Gartner research VP Frank Buytendijk has called on organisations to be prepared to put the brakes on complex, high-level data analytics and get the basics right before the practice gets out of control and they cross the ‘creepy line.’
Netherlands-based Buytendijk – who was speaking on Monday morning at Gartner’s Business Intelligence Summit in Sydney – warned that taking steps to correctly implement predictive and descriptive analytics is not easy and organisations should take care when using tools.
“It’s easy to use tools [but that] will not lead to better decisions. If you don’t know what you are doing, easy to use tools lead to more spectacular failure,” Buytendijk told attendees.
He cited Gartner research which suggests that by 2016, around 25 per cent of organisations using consumer data will face reputation damage due to an inadequate understanding of information trust issues.
“Big data is at the top of the hype cycle but after that peak of inflated expectation comes the trough of disillusionment … what if the tipping point becomes the slipping point?
“And we start to hear about the first spectacular failures on how investments didn’t pay back, on how technology didn’t do what it was supposed to do … and we’ve already seen the first examples of how organisations have taken big data too far and crossed the creepy line.”
He referred to the high profile example of the US National Security Agency collecting almost 200 million text messages daily across the globe.
“Do companies and governments not care? Are companies evil? Are companies invading our privacy system unethically?” he asked.
“Maybe some but most are not. Most want to respect their customers and their privacy – they just want to get to know you and find the best way to sell their products and services to you.”
But in the process, they can go too far with unintended consequences down the line.
He highlighted a situation in late 2013 where TV manufacturer LG investigated claims that its smart TVs sent data on users’ viewing habits back to the company without consent as an example of data gathering and analysis out of control.
“The CEO of LG had to publicly declare that this indeed was going too far and they would release a patch. The CEO talking about a patch: As an IT person [if that happens] you know you’re in trouble,” he said.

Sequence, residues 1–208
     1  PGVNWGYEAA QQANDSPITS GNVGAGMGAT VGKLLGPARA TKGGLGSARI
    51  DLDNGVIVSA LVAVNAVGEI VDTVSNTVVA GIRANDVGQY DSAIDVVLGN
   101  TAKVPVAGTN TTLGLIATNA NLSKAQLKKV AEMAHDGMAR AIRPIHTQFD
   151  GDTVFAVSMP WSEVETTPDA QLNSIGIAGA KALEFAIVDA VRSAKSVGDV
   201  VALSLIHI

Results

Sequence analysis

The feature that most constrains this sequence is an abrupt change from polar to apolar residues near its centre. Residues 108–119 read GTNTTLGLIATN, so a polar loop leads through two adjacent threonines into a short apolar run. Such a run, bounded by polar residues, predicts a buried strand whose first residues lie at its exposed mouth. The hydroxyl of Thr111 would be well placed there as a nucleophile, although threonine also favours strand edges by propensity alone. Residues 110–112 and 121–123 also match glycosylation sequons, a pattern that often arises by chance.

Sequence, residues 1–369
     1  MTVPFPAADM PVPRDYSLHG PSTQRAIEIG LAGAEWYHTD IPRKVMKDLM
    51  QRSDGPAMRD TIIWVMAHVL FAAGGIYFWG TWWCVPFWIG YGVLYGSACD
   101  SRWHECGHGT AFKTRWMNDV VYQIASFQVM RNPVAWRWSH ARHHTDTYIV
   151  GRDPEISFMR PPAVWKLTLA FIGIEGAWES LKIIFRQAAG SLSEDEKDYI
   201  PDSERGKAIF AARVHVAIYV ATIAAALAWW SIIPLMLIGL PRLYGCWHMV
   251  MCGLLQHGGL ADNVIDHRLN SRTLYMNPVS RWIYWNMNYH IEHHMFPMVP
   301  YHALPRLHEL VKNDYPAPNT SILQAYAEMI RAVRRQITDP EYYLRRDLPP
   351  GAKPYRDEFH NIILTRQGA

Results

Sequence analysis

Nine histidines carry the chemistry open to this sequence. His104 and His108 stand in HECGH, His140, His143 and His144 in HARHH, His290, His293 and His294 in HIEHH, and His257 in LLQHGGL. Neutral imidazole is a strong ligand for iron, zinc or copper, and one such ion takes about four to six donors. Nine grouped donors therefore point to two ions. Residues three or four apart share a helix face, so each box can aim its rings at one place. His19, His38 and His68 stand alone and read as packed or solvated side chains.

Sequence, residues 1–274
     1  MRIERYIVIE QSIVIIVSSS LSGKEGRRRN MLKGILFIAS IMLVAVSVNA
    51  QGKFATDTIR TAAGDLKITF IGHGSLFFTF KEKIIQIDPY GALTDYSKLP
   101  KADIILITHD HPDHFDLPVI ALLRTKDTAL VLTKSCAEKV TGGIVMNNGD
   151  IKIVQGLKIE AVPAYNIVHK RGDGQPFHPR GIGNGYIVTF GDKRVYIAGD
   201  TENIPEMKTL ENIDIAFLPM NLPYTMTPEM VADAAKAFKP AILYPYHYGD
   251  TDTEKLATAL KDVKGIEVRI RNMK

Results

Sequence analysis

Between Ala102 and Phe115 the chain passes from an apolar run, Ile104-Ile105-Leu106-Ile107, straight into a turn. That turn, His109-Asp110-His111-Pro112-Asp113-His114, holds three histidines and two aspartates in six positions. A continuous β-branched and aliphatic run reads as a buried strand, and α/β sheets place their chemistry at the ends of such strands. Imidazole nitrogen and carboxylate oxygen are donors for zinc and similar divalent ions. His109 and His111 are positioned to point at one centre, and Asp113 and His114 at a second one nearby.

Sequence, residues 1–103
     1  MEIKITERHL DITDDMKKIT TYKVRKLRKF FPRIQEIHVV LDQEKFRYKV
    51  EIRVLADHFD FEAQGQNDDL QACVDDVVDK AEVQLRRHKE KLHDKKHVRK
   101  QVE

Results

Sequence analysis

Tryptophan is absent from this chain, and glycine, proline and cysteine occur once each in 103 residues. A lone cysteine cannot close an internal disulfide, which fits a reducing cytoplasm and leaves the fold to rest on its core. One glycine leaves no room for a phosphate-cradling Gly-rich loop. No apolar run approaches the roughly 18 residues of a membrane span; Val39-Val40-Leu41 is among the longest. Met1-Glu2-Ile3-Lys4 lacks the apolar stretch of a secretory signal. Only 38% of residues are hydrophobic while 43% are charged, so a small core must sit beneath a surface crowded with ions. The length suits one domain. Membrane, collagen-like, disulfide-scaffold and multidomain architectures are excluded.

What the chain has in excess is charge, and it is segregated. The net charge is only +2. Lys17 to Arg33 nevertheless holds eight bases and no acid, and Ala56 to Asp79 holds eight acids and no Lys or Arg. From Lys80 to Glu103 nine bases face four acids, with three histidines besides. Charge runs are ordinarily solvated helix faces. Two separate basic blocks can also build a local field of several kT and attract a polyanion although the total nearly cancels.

He said organisations needed to accept that in an age driven by digital business, “we are simply not in control.”
“We need to adapt and anticipate use cases in our information infrastructures that simply don’t exist today,” he said. He was referring predominantly to challenges in areas such as social analytics, cloud security, privacy and data ownership.
“Don’t get me wrong, I’m all for moving fast but [we need] to make sure that once in a while, we know where to find the brakes.”
He highlighted a UK health insurer offering customers a “quantified self-tracking” device, where users earn points for walking a certain number of steps each day as another potential misuse of consumer data.
“Do I really want me health insurer to track how much I move? There’s no privacy any more.”
He also warned about the use of predictive analytics, saying that it can’t predict the future rather it identifies a pattern of what can happen in certain situations.
He asked the audience to consider a doctor who is called on to treat an epidemic and try experimental medication that a specialist says will save 30 per cent of people. He suggested that in this scenario, the doctor would administer the medication to save the people.
“Now let’s reverse the scenario – imagine a specialist tells you that the medication will not work on 70 per cent of people. Would you do it anyway? Probably not but it is the same situation.
“We humans are notoriously bad when understanding probability. When asked more than 80 per cent of people feel that they belonged to the best 50 per cent of car drivers,” he said.
“We tend to mistake patterns for reality – that’s how we’re built. Sometimes what we need to hit the brake for hardest is ourselves.”